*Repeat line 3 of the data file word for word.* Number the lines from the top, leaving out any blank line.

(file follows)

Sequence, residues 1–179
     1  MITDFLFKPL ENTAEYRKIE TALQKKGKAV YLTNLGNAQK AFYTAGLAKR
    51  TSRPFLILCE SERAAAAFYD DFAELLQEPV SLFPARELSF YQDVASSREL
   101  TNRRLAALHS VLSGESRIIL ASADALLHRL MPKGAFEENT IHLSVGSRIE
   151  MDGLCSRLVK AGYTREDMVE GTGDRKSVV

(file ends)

    51  TSRPFLILCE SERAAAAFYD DFAELLQEPV SLFPARELSF YQDVASSREL